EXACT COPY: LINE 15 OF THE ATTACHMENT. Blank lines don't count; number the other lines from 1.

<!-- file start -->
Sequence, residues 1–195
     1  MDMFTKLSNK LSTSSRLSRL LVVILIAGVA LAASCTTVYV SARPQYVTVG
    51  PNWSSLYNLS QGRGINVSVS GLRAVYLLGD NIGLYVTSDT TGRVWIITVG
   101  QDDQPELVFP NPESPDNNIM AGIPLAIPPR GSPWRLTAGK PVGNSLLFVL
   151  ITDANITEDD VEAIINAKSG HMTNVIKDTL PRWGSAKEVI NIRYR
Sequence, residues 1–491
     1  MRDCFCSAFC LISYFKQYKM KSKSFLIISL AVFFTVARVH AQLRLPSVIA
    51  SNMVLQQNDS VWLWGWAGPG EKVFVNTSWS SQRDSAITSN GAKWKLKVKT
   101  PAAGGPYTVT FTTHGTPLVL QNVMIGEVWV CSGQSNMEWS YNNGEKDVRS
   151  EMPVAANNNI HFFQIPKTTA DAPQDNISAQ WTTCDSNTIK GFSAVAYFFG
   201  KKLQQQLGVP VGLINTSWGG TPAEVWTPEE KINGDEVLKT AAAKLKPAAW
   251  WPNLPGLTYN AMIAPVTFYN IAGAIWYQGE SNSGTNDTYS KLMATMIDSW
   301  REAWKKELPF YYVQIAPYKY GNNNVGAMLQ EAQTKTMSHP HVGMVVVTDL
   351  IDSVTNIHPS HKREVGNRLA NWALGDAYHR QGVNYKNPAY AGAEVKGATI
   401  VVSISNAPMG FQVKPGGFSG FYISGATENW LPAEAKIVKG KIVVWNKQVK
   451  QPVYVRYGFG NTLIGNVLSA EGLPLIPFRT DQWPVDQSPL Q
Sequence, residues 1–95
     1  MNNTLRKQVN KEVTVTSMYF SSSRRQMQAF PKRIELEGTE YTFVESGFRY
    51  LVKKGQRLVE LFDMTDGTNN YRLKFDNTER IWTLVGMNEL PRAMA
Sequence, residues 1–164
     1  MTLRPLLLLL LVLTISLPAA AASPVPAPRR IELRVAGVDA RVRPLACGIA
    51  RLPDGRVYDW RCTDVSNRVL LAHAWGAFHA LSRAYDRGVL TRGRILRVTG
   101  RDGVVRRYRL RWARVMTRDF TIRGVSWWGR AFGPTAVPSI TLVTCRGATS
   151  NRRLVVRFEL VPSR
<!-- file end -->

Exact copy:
   401  VVSISNAPMG FQVKPGGFSG FYISGATENW LPAEAKIVKG KIVVWNKQVK